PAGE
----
“This policy is not directly executed by the state but is rather under its patronage, implemented with the involvement of private actors. The state operates behind the scenes but naturally demonstrates comprehensive and institutional support for such transactions,” added Petrosyan. Although it is a lease agreement, he sees it as obvious that if the land is yielded it will not be returned to Armenians.

The expert believes that the timing is not coincidental either. “Due to the war in Gaza, nationalistic sentiments are dominant in Israel, facilitating a united position against other nations,” he said.

Worshipers in the St. Zoravor church in Yerevan, Armenia. [Gaiane Yenokian/TNA]

Uniting Armenian efforts

On 8 December 2023, the Armenian Patriarch of Jerusalem, Nourhan Manougian, met with members of the Armenian community and explained that the deal took place without his full knowledge and that he was deceived by a local priest who worked for him, who has now been defrocked.

He promised to do everything in his power to reach a full cancellation of the deal.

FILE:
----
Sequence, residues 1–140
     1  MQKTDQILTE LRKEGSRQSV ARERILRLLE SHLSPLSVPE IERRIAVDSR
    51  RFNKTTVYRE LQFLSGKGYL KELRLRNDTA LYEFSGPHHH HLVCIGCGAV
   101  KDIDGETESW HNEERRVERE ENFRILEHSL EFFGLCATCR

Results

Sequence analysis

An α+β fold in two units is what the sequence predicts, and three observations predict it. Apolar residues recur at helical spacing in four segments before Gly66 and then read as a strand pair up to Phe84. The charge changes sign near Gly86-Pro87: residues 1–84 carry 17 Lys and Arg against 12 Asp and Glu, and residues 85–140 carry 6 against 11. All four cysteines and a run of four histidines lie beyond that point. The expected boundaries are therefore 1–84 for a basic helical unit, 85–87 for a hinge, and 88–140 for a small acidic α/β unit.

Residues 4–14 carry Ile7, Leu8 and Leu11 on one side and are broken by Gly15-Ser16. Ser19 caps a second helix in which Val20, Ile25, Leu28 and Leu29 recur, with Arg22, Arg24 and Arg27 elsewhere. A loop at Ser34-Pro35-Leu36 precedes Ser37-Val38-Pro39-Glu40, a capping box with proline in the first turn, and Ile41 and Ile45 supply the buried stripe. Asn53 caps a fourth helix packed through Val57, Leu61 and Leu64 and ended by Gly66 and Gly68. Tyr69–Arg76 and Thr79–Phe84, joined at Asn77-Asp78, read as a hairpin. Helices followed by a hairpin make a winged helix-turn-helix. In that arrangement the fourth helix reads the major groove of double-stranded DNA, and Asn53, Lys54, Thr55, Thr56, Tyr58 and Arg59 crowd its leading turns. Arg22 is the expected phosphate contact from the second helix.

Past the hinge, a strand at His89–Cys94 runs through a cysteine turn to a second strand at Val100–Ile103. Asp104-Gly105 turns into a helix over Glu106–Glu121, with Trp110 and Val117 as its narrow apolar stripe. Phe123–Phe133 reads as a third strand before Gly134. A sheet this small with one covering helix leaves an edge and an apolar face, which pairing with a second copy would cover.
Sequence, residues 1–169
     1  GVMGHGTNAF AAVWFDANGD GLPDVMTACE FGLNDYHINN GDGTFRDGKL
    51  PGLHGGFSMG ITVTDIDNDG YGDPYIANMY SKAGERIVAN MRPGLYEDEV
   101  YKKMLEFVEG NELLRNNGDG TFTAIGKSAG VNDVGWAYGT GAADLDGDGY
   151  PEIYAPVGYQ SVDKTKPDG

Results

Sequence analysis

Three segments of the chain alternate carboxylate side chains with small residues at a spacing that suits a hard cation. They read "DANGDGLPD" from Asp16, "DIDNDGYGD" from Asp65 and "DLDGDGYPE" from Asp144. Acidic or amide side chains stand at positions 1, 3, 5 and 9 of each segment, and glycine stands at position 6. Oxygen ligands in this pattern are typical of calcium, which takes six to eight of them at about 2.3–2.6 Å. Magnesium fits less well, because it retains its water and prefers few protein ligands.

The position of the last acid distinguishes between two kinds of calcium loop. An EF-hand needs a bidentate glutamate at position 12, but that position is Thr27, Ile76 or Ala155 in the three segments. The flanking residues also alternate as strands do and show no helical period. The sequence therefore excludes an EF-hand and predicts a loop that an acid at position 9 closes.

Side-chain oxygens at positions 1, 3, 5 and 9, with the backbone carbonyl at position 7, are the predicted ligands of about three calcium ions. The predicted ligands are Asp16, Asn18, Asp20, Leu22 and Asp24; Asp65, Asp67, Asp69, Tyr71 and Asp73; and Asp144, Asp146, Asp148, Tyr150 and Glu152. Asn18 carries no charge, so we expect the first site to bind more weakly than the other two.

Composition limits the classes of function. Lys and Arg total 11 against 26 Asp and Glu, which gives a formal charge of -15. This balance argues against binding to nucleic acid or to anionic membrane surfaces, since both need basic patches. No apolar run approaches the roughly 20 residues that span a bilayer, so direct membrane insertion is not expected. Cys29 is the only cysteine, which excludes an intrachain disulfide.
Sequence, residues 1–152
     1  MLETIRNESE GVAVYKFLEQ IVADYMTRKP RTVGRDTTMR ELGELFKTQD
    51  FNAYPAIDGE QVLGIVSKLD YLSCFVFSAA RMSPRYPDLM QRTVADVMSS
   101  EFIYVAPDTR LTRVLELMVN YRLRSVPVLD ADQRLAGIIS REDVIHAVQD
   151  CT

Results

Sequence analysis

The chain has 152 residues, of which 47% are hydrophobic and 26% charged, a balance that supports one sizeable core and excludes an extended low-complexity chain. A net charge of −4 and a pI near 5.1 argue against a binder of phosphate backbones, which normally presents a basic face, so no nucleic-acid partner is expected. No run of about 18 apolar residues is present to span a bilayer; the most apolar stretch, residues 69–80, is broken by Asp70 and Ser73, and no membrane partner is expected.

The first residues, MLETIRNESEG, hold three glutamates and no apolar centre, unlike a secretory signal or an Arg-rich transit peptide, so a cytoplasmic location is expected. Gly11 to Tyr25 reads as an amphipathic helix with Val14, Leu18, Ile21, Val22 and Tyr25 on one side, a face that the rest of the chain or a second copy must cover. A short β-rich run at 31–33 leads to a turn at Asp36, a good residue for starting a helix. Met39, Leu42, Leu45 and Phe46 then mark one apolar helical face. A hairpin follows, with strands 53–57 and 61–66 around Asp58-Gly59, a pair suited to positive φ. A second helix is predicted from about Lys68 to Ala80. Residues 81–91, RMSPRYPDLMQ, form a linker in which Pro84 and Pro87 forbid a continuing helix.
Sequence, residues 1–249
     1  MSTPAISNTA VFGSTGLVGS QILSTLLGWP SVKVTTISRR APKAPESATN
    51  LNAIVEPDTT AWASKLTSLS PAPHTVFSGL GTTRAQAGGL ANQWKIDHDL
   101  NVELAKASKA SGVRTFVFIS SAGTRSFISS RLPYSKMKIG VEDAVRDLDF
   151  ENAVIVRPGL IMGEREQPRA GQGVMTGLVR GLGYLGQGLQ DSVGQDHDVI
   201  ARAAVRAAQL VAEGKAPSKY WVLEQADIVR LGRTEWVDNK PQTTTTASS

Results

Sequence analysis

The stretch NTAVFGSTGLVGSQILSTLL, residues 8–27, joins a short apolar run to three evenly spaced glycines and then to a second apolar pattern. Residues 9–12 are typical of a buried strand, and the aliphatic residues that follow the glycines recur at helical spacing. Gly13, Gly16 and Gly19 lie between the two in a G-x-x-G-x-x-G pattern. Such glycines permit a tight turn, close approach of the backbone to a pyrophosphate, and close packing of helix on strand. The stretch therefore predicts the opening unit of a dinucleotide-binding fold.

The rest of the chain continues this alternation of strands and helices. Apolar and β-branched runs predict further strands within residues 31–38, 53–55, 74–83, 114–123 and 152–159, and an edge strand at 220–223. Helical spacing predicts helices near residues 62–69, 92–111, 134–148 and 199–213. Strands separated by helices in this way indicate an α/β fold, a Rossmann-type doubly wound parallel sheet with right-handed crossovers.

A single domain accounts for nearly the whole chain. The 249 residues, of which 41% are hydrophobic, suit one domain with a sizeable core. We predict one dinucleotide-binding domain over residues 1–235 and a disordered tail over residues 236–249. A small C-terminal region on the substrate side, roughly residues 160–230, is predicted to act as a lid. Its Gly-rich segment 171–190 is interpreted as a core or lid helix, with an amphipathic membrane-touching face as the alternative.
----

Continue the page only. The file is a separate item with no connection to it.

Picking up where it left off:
The Armenian community of Jerusalem is now being supported by a group of Armenian lawyers working collaboratively with the Centre for Law and Justice ‘Tatoyan’ foundation, which has offices in Yerevan and California. 

In a conversation with The New Arab, Arman Tatoyan, the director of the foundation, emphasised that the contract contradicts the interests of both the Armenian community and the Patriarchate.

“We had the chance to collect detailed facts about the planned hotel and I have to say that this is not just a hotel itself, but also a set of restaurants, cafes, and other places of entertainment. This means that the entirety of the Armenian Quarter is endangered,” he said, stressing that the execution of the project will result in the eviction of a number of Armenian families.

According to the lawyer, members of the Armenian community in Jerusalem, who he says now serve as guardians of the territory, are doing all they can to protect their interests and the interests of the Armenian Quarter. 

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The last time Armenians were attacked was on 28 December 2023, when dozens of armed men entered the territory of the Cows’ Garden, resulting in the injury of clergymen from the Patriarchate and members of the local Armenian community. According to witnesses, the police arrived 20 minutes later, which some people saw as intentional․